NDACC News and Events

May
2010

A highly variable interference has long been considered the dominant feature of water vapor for practitioners who retrieve atmospheric total column amounts and profiles from infrared solar absorption spectra. Due to the importance of water as a greenhouse gas and its possible long-term trend resulting from changes in the atmosphere and subsequent feedback effects there is renewed effort in extracting water vapor quantities from archived solar spectra, which for some sites stretch back to the 1970's.

May
2010

In the period from June–July 2009, a large scale intercomparison of UV-Visible spectrometers took place at the Cabauw meteorological observatory, a semi-rural site located in the Netherlands, 30 km South of Utrecht.

May
2010

Despite its low abundance in the atmosphere, stratospheric bromine contributes up to 25% to the global ozone loss due to its high ozone depletion potential [e.g., World Meteorological Organization (WMO), 2007]. The main sources of bromine in the stratosphere are natural and anthropogenic long-lived and very short-lived brominated organic compounds [e.g., Pfeilsticker et al., 2000; Salawitch et al., 2005]. Long-term observations by in-situ ground-based networks have revealed a decline in total organic bromine from long-lived species by 3 to 5% during the 1998-2004 period [WMO, 2007].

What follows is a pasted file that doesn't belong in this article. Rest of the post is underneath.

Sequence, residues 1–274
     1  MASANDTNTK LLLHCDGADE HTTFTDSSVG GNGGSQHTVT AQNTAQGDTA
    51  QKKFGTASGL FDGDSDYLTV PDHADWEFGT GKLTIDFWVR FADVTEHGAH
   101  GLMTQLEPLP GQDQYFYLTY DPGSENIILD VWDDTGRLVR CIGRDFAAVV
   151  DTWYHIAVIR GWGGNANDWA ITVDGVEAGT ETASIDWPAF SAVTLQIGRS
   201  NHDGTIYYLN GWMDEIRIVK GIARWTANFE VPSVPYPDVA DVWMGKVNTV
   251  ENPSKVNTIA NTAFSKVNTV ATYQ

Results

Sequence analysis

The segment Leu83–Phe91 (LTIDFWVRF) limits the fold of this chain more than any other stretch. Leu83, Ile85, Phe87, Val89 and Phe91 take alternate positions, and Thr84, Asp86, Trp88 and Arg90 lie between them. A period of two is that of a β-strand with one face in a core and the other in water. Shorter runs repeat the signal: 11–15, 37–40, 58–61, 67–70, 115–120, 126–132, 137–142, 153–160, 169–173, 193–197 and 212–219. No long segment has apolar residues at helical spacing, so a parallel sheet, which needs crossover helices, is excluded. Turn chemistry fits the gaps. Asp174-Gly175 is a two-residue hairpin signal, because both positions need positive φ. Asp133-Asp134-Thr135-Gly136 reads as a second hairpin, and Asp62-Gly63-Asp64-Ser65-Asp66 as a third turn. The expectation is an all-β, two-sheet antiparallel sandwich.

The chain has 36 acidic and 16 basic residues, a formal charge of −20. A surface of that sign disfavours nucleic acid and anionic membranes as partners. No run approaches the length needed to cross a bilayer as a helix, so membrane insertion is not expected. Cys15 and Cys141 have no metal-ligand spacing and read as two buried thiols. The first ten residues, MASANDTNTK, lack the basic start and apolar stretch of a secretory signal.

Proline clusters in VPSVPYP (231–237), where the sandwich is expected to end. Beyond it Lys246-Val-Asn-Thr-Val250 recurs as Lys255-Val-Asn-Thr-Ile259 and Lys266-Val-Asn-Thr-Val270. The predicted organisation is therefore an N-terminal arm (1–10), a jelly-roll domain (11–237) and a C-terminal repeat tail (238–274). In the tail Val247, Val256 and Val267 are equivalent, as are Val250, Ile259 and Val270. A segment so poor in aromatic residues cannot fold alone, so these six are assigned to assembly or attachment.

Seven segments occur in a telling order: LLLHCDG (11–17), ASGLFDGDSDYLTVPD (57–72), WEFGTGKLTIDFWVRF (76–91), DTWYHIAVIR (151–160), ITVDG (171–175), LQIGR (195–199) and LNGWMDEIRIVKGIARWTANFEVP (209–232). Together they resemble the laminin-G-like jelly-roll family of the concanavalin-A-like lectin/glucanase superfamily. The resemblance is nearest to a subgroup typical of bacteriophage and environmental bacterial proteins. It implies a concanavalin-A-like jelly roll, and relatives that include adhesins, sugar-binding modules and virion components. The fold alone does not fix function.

January
2009

At the 2008 NDACC Steering Committee meeting, an ad hoc working group was established to review existing and assess future Network measurement strategies and emphases in light of the broadening of Network goals over those established at its inception.

January
2009

In the early days of NDACC (then NDSC), the Infrared Working Group (IRWG) targeted the retrieval of total columns of several gases considered of primary importance to the original goals of the Network. These goals focused on increasing our understanding of ozone chemistry and, in the post-Montreal Protocol period, observing the accumulation (and hopefully the eventual decline) of Cly  and Fy in the stratosphere. Consequently, the initial gases targeted were ozone, nitric acid (HNO3), nitrous oxide (N2O ), chlorine nitrate (ClONO2), hydrogen chloride (HCl), and hydrogen fluoride (HF).

Pages